On Mondays I share liturgical writing focused on the Luke passages for each Sunday in the Revised Common Lectionary. This week’s scripture is Luke 18:1-18 a parable about persistence in prayer … set in what is called “the justice system.” William B. Jones, born in Lake Charles, Louisiana, offers an invocation, a prayer before the reading of scripture which cites a widow we have met earlier this year in Luke, and a poem for use with this scripture. Gary Schulte of Pembroke, New Hampshire, though one might as well say he is from Missouri, contributes a call to worship and a prayer for the day.
Invocation for Sunday of Luke 18:1-18
The cypress knees, God, *
I see bright from my window,
the bay waters rising
from gold into blue,
like prayers I make you
slow or soon,
the rising moon.
Can you answer me from there,
crossing the gulf to where I am?
Can you not hear my plea, our prayer,
help us, God, this wrestling to stand!
Shelter us in the heat of the fray,
taste, and see, and remember how good
to walk this earth, this water with you!
You, our God! Who once called us on,
come again, re-make us
[An opening hymn of Joy may follow]
2013 (Gulf Coast Version).
* [Alternate opening stanza, for northern US:]
like prayers I make you
slow or soon,
a Harvest moon.
Introduction to the Reading of the Lesson, Luke 18:1-18
Once before, Luke, you kept for us too ǂ
the story of a widow whose cry was heard, whose only son had died,
and of how Jesus, on seeing her, had compassion,
and said to her, “Weep not,” the crowd surrounding,
And reached to touch the funeral carriage,
saying “Young man, I say to you, rise!”
And the widow’s son sat up, and spoke.
And Jesus gave him back to his mother.
As in that time the people were amazed,
and glorified God,
saying “a great prophet has risen among us,”
So today we join those gathered to hear Jesus
speak of a widow’s cry for justice,
rising apart from custom or husband,
demanding what is due her until
the one who needs to hear relents,
until the one who needs to respond
listens and takes heed.
May we listen for the Good News
borne of persisting in faith:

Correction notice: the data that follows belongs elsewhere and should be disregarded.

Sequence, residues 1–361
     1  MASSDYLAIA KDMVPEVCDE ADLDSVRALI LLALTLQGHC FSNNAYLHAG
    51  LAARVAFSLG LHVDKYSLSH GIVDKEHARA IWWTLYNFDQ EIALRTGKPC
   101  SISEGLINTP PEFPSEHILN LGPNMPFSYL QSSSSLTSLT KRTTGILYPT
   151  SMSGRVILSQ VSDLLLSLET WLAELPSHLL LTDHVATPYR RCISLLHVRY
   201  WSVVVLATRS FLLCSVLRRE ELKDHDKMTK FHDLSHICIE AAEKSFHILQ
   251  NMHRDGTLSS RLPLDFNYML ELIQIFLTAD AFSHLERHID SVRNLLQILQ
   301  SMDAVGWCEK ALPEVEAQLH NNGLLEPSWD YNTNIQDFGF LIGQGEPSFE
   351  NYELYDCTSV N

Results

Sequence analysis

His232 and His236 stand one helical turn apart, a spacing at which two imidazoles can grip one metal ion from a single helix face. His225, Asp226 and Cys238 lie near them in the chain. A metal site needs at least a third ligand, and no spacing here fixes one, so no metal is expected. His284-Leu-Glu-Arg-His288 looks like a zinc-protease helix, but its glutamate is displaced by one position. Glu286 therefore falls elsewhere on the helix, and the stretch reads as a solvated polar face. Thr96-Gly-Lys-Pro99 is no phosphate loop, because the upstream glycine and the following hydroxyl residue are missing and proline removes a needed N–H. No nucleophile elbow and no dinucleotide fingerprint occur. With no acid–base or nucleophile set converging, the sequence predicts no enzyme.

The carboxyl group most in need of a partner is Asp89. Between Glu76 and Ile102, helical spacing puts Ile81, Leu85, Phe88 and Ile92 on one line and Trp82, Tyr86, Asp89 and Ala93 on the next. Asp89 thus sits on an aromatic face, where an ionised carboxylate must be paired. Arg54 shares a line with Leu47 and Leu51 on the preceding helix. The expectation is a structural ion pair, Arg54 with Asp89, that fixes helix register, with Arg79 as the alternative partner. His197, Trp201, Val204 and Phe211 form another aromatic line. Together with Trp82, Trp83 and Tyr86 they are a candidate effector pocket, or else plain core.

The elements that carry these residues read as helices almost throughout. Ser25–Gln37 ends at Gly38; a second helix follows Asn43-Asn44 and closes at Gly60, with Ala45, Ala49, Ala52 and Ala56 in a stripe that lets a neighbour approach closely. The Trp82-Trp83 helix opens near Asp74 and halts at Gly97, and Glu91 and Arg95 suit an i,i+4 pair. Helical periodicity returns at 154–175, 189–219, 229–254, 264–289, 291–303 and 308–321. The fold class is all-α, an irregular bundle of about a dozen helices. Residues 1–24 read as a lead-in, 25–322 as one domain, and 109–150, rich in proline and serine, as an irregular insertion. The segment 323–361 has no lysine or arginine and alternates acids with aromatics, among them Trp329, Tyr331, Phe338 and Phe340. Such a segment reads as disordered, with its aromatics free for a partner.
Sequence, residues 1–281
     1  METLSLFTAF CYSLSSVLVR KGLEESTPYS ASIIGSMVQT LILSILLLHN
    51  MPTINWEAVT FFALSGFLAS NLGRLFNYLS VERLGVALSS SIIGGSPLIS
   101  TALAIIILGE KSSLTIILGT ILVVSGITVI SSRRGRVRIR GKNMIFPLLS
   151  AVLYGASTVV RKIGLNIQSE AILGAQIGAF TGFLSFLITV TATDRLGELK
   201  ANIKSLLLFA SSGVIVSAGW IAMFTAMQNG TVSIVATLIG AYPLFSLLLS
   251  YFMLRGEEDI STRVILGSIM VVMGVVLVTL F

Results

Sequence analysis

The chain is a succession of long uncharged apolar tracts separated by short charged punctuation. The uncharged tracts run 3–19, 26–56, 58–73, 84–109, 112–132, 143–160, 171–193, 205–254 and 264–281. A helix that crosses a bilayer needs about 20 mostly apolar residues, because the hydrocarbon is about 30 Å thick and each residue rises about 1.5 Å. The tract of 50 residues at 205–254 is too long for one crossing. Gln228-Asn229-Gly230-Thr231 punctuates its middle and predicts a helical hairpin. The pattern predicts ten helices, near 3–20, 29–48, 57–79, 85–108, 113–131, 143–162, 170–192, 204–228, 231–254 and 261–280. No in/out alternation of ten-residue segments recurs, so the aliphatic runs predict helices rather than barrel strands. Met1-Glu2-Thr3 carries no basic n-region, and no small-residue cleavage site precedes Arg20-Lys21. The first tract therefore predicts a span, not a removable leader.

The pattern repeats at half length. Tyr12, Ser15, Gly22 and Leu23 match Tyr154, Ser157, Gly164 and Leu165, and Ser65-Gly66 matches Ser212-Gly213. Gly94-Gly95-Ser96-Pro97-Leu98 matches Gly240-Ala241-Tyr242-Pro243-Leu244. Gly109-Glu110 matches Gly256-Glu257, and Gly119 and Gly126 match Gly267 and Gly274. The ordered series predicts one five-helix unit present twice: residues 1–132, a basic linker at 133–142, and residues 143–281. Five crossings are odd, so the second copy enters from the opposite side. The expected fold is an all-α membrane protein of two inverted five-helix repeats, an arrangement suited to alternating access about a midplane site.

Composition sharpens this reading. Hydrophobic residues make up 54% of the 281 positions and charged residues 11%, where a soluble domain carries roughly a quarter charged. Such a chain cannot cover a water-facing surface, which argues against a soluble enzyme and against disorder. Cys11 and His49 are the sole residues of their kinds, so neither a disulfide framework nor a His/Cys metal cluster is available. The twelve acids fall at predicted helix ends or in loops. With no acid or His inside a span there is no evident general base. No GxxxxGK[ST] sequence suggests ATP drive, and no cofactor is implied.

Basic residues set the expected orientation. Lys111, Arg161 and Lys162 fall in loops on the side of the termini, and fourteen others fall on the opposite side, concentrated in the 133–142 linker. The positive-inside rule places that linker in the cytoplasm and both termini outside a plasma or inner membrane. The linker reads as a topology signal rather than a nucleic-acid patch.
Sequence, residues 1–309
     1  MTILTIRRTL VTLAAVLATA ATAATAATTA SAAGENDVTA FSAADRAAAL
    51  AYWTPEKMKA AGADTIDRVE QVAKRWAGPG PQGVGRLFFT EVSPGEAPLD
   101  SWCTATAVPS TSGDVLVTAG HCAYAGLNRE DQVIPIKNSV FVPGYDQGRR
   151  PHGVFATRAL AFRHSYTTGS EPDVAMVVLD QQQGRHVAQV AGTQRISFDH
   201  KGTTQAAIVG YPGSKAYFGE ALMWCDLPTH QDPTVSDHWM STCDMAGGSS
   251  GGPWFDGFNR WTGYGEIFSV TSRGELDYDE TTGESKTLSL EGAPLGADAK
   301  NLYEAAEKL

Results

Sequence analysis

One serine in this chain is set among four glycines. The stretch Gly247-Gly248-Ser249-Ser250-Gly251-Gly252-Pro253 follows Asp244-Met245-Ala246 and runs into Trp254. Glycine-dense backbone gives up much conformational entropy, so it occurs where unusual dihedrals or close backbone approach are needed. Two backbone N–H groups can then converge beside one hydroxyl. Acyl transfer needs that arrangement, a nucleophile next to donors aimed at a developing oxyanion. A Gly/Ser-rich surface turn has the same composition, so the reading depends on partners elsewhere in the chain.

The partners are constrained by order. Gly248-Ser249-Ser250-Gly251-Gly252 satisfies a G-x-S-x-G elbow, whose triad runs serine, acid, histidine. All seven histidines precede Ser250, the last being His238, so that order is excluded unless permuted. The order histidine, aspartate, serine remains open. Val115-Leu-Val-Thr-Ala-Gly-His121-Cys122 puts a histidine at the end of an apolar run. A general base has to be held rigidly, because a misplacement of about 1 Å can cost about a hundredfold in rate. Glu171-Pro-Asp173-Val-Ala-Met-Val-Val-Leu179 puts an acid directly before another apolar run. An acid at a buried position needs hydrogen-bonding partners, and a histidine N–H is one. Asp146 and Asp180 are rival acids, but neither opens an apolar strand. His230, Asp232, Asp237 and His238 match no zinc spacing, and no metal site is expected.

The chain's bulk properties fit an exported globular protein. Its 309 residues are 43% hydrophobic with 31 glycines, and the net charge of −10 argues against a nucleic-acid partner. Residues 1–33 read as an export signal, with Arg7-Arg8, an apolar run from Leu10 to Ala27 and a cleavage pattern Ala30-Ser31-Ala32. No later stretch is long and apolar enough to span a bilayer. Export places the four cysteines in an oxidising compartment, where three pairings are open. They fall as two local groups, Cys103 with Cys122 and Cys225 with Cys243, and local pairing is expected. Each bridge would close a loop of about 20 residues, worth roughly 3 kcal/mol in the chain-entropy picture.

[read Luke 18:1-8]
ǂ [Luke 7:11-17]
Poem to accompany Sunday of Luke 18:1-18
Jesus said, “…Will not God grant justice
to his chosen ones who cry to him day and night?
Will he delay long in helping them?”
– Luke 18:6-7 (NJB)
Have I not thirsted enough in you God?
Have we not hungered enough on your way?
“Sing us your God you weeping implore,
Pray us this wasteland you dream us to cross.”
Shall I not hear your voice in the living?
May we not sound from echo to song?
Show us again what we’ve come to forget, God,
Leave us behind the scrambles of old.
Flood in the desert your well-spring uprising,
Drinking new marvels, your way surging forth.
Walk us these waters, your dry-land to river;
Dance us your creatures, oasis to thrive.
Shelter us yours, God, our far exile ending,
Thirst me your pouring, this hardened crust torn.
Hew me a pathway with these formed in you;
Take me from silenced to calling me yours.
imagery based on Isaiah 43:16-22
Gift of Gary Schulte
A Call to Worship
One: Remember how Jesus told us to ask, . . . to seek, . . . and to knock.
Many: We have heard him say it, and we believe it to be true:
Those who ask, receive;
Those who seek, find;
And to all who knock, the door will be opened.
One: Let us worship God, who greets us with love and mercy.
Many: Let us worship God, who receives all our praises and our petitions,
who welcomes us home with outstretched arms,
and satisfies us with good for as long as we live.
One: We are gathered to worship the Righteous Judge,
who graces us with every good and perfect gift.
Many: All praise and glory and love be to God!
A Prayer for the Day
Will we have such faith, O Righteous One, to cry out day and night with the widow for your justice?
Will we join our voices with hers in confronting the unjust judges of our age?
Will we be bold to believe that you are the God who graciously gives every good and perfect gift—
that you are not bothered nor weary with our prayers?
Will you find us faithful, hopeful, and loving when you come again?
Will we, your church, share the faith of your Son, Jesus,
who prayed in his living, and in his dying, and in his rising again?
Let your justice roll down. Let your peace prevail.
May you find us to be faithful, O God!
May you find us to be faithful!
May it be so. Amen.
All of these resources were given freely and they may be used in worship contexts. They may be adapted to fit your context. Please cite the original author when you reprint them or share them orally. For any other use please contact me so that I can put you directly in touch with that particular author.